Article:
No. 10-CV-5323 (SMG).

MATTHEW DOUGLAS, et al., Plaintiffs, v. CONSTRUCTAMAX INC., et al., Defendants.

United States District Court, E.D. New York.

February 5, 2013.

Memorandum & Order

STEVEN M. GOLD, Magistrate Judge.

On December 10, 2012, a day prior to the originally scheduled fairness hearing in this class and collective action, defendants (collectively, "Constructamax") filed a notice that they would be voiding the settlement agreement. See Docket Entry 80. Constructamax sought to invoke the following provision of the Settlement Agreement:

Defendants may, at their sole discretion, unilaterally declare this settlement null and void and shall not be obligated to comply with any of the terms of this Stipulation of Settlement in the event that claims submitted by Class Action Members exceeds $170,000. Defendants shall exercise their termination rights under this clause, if at all, not later than five (5) days before the Fairness Hearing and shall do so by filing such a notice of termination with the Court with service on Class Counsel. . . .

Settlement Agreement ¶ 9(B)(vii), Docket Entry 79-7.1

Plaintiffs protested defendants' filing as untimely, Docket Entry 81, and, after finding that the settlement was otherwise acceptable, I set a schedule for briefing and argument of the issue, Docket Entry 83. Defendants have filed a memorandum in support of vacating the settlement ("Defs. Mem." Docket Entry 84), plaintiffs have submitted opposition ("Pls. Mem.," Docket Entry 84), and defendants have replied ("Defs. Reply," Docket Entry 87). Oral argument was held on February 5, 2013. For the reasons stated in this Memorandum and Order, defendants' motion is granted and the settlement is terminated.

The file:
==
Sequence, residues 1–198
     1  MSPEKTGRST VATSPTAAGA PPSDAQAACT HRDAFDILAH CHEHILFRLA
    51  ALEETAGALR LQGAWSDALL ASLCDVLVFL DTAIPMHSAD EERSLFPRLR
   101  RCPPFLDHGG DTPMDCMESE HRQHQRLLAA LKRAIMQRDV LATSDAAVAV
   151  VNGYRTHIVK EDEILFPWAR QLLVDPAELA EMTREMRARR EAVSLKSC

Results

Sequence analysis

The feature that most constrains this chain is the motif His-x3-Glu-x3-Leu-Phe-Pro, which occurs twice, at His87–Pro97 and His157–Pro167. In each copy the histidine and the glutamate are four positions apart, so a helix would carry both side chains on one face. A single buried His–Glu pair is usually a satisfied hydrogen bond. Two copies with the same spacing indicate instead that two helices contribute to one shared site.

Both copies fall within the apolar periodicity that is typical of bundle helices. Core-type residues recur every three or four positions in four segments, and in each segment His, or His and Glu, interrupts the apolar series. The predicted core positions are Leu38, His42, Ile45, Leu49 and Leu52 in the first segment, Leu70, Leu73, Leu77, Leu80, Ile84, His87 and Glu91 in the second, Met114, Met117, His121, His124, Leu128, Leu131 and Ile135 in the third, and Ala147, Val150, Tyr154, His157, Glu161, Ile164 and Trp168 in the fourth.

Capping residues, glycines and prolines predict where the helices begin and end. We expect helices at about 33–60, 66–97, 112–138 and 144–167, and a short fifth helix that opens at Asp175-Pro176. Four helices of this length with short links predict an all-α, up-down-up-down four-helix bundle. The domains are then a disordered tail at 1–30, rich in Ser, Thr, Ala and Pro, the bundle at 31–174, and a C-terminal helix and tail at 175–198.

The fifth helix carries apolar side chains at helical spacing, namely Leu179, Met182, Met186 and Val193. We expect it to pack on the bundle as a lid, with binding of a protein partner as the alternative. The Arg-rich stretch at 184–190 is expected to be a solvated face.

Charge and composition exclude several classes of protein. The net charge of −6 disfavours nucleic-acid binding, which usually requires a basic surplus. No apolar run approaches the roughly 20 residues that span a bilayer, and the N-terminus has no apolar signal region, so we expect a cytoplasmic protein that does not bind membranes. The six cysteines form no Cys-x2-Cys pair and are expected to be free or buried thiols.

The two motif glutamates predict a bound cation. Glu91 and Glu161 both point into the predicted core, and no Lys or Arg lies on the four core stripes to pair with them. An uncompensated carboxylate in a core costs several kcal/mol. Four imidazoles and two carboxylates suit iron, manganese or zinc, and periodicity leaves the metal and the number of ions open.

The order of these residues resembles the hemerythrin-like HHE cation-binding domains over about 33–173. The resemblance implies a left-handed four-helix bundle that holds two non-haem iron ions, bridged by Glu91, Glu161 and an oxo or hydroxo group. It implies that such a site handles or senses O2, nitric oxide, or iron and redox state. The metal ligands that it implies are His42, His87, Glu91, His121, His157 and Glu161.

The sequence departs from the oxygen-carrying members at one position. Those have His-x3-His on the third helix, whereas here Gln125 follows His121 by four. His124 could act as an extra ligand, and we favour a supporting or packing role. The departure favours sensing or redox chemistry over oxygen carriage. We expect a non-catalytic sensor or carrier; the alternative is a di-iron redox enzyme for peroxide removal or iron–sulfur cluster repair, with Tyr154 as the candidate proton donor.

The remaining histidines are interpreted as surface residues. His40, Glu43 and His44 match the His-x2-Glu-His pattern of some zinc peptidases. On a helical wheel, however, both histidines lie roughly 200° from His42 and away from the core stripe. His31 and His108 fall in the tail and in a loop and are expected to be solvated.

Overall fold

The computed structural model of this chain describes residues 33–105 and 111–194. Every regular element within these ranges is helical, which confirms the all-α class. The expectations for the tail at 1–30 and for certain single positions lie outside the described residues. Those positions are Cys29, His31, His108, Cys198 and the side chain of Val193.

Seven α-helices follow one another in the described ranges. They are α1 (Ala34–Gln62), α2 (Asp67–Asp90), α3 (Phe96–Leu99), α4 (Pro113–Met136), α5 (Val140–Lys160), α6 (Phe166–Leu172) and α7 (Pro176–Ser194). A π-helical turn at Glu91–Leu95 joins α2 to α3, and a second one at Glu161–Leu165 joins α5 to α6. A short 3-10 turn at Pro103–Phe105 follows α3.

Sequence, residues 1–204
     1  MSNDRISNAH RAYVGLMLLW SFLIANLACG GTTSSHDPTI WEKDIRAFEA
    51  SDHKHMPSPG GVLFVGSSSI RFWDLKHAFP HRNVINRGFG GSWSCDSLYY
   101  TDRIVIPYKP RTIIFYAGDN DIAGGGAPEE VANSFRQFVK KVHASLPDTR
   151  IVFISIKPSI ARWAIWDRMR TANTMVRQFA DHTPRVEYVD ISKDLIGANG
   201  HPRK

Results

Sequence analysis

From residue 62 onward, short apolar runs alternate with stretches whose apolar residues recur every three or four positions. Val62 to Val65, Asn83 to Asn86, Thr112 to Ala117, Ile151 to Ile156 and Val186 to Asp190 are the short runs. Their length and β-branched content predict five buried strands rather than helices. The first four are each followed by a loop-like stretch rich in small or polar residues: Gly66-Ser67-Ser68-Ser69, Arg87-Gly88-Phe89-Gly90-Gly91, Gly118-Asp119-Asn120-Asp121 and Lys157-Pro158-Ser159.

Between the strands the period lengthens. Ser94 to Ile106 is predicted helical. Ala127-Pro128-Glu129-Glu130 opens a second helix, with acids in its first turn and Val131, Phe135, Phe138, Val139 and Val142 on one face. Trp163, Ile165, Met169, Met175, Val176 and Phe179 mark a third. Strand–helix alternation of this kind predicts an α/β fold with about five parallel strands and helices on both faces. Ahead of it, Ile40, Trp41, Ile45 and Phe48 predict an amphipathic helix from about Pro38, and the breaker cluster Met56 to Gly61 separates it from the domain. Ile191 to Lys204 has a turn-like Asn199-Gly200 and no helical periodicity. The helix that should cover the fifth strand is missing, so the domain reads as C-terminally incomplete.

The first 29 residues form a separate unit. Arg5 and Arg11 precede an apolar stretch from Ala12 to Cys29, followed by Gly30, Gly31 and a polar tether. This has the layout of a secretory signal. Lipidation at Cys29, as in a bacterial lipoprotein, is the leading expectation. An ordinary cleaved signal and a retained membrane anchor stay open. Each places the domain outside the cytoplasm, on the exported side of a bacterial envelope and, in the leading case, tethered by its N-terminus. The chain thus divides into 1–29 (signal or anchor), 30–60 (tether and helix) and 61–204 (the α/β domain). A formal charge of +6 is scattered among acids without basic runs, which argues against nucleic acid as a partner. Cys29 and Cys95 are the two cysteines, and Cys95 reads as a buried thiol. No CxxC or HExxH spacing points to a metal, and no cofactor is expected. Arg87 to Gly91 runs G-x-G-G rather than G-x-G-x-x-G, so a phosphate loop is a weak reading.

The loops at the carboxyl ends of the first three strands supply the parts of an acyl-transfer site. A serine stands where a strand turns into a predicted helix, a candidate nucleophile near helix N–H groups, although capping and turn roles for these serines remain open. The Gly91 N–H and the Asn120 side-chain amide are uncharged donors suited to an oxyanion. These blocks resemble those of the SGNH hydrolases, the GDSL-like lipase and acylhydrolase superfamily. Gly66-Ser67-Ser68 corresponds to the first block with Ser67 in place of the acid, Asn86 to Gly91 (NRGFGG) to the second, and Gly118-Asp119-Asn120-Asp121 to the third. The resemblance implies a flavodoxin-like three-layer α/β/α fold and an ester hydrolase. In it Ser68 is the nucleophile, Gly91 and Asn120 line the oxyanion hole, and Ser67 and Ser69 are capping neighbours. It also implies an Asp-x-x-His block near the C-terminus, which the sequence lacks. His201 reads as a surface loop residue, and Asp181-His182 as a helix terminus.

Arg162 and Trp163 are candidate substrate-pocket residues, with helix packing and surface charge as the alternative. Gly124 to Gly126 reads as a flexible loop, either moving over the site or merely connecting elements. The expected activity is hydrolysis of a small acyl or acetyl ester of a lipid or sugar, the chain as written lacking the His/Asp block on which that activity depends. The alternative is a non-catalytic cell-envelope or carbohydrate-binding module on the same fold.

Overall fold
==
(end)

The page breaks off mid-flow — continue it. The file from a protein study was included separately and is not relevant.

The parties agree that the question of whether the settlement may be vacated, notwithstanding the untimeliness of the notice, is appropriately analyzed under Federal Rule of Civil Procedure 6(b)(1)(B). Pursuant to this rule, "[w]hen an act may or must be done within a specified time, the court may, for good cause, extend the time . . . on motion made after the time has expired if the party failed to act because of excusable neglect." The Supreme Court, analyzing the phrase "excusable neglect" in the context of the Bankruptcy Act, held that "`excusable neglect' may extend to inadvertent delays," and that four factors should be considered when determining whether a party's (or his attorney's) inadvertent delay was excusable: the "danger of prejudice to the debtor, the length of the delay and its potential impact on judicial proceedings, the reason for the delay, including whether it was within the reasonable control of the movant, and whether the movant acted in good faith." Pioneer Inv. Servs. Co. v. Brunswick, 507 U.S. 380, 392 (1993) (permitting a filing that was twenty days late due to law office failure). The Court concluded that this "determination is at bottom an equitable one, taking account of all relevant circumstances surrounding the party's omission." Id. at 395. But cf. Silivanch v. Celebrity Cruises, Inc., 333 F.3d 355, 366-67 (2d Cir. 2003) ("We have noted that the equities will rarely if ever favor a party who fail[s] to follow the clear dictates of a court rule and held that where the rule is entirely clear, we . . . expect that a party claiming excusable neglect will, in the ordinary course, lose under the Pioneer test" (internal citation and quotation marks omitted)).

These factors have since been applied by courts evaluating what constitutes excusable neglect in class action cases. See, e.g., Black v. Diamond, 163 Fed. Appx. 58, 60 (2d Cir. 2006).2 The Second Circuit has also focused the analysis in the class action settlement context by observing that "[e]xcusable neglect may be found where the relevant circumstances reveal inadvertent delays, mistakes, or carelessness. . . . To establish excusable neglect, however, a movant must show good faith and a reasonable basis for noncompliance." In re Adelphia Commc'ns Corp. Sec. & Derivatives Litig., 271 Fed. Appx. 41, 44 (2d Cir. 2008) (quoting In re PaineWebber Ltd. P'ships Litig., 147 F.3d 132, 135 (2d Cir. 1998)) (ellipses in original).